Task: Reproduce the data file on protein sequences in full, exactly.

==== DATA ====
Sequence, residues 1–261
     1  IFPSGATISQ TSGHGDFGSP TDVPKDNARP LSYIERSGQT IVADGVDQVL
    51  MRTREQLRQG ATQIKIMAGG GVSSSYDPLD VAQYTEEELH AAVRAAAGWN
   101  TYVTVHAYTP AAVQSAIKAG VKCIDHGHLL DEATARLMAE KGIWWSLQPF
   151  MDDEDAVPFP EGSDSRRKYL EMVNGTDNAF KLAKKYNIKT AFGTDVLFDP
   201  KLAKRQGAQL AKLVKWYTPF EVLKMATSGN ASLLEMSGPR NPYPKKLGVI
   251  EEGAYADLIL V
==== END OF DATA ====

Sequence, residues 1–261
     1  IFPSGATISQ TSGHGDFGSP TDVPKDNARP LSYIERSGQT IVADGVDQVL
    51  MRTREQLRQG ATQIKIMAGG GVSSSYDPLD VAQYTEEELH AAVRAAAGWN
   101  TYVTVHAYTP AAVQSAIKAG VKCIDHGHLL DEATARLMAE KGIWWSLQPF
   151  MDDEDAVPFP EGSDSRRKYL EMVNGTDNAF KLAKKYNIKT AFGTDVLFDP
   201  KLAKRQGAQL AKLVKWYTPF EVLKMATSGN ASLLEMSGPR NPYPKKLGVI
   251  EEGAYADLIL V